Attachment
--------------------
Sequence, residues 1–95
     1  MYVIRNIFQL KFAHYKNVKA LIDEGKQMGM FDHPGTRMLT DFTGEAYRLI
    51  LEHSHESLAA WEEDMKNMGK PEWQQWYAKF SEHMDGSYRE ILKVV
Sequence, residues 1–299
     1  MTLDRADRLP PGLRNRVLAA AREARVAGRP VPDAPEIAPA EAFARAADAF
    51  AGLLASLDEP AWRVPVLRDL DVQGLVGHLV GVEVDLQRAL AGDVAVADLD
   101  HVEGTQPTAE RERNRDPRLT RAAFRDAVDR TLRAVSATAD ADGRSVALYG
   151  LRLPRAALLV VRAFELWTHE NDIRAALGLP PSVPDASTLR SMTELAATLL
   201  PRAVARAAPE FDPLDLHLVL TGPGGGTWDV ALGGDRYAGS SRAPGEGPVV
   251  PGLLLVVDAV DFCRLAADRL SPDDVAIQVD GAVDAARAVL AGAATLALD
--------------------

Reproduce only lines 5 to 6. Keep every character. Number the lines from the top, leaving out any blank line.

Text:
     1  MTLDRADRLP PGLRNRVLAA AREARVAGRP VPDAPEIAPA EAFARAADAF
    51  AGLLASLDEP AWRVPVLRDL DVQGLVGHLV GVEVDLQRAL AGDVAVADLD